Furthermore you are forgetting about many of the advantages of a lunar base:
1) Smaller gravity well than Earth so it can act as a forward base of operations. Comparatively cheap to get to.
2) Excellent location for astronomy given the lack of atmosphere
3) Effects of lower gravity (versus micro-gravity) on human physiology can be studied.
4) Evacuation is actually possible should the need arise.
5) Round trip communication delay is ~3 seconds versus 8-30 minutes for Mars.

Comment What are you doing about the abuse? (Score 1) 220

By the way, I own stock, but it doesn't mean I am for every type of corporate abuse that makes the company a few extra bucks.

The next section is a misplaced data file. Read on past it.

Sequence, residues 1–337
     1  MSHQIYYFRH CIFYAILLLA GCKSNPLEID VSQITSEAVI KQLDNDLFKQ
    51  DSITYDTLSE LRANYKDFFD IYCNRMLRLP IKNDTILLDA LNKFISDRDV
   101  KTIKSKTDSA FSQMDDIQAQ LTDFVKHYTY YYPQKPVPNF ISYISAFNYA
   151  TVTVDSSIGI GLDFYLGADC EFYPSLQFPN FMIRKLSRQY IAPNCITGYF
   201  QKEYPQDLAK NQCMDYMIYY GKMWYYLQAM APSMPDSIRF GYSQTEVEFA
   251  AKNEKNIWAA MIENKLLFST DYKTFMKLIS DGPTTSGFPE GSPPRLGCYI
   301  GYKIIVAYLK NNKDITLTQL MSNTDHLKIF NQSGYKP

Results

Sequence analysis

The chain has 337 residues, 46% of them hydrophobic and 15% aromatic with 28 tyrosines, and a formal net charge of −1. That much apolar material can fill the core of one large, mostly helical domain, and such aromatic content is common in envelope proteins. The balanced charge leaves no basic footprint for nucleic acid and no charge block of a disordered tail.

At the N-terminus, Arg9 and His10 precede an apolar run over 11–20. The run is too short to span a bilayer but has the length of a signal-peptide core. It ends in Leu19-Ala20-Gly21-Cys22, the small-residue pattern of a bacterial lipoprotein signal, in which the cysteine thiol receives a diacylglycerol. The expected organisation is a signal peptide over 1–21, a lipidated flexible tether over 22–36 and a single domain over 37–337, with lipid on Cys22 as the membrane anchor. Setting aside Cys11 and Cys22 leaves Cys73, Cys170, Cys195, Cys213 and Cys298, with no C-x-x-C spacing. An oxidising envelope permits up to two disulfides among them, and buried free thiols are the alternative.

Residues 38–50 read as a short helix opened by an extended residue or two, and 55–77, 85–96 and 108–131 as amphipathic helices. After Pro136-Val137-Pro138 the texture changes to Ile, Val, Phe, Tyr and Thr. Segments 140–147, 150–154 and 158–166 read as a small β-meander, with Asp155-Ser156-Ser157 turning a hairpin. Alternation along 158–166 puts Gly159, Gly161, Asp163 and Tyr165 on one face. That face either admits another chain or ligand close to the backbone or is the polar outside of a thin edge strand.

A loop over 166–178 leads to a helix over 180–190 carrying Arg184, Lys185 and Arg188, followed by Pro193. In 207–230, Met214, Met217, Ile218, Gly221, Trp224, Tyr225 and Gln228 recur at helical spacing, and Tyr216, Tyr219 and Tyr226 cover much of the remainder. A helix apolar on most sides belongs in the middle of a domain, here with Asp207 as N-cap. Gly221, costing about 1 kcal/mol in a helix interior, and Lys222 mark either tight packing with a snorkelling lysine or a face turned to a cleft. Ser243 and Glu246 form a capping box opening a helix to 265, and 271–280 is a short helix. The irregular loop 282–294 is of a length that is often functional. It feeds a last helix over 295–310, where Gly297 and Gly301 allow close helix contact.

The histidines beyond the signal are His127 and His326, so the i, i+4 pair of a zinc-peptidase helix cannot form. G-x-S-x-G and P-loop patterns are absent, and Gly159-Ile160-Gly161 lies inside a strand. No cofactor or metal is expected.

So as a shareholder what are you doing about it? Are you attending shareholder meetings? Are you putting forth proposals? Are you voting on the board of directors? Are you doing these things even if they are unlikely to make much difference?

Just so we're clear I agree with you, but if you are a shareholder and you say nothing then the blood is on your hands too. If you own stock then you are an owner of the company and you are tacitly condoning any actions you don't speak out against.

Comment Probes can't teach you about us (Score 3) 163

Except going to Mars is propaganda and not science. No scientific value in sending man to Mars.

That's not true at all. We would learn a tremendous amount from sending a man to Mars. There would have to be great advances in medicine, agriculture, life support, power, shielding, and much more. Much of it would be technology we are unlikely to develop any other way. We would learn a tremendous amount by sending a man to Mars or even to the Moon.

Lots of scientific value sending probes and what not to explore the galaxy. Cheaper too.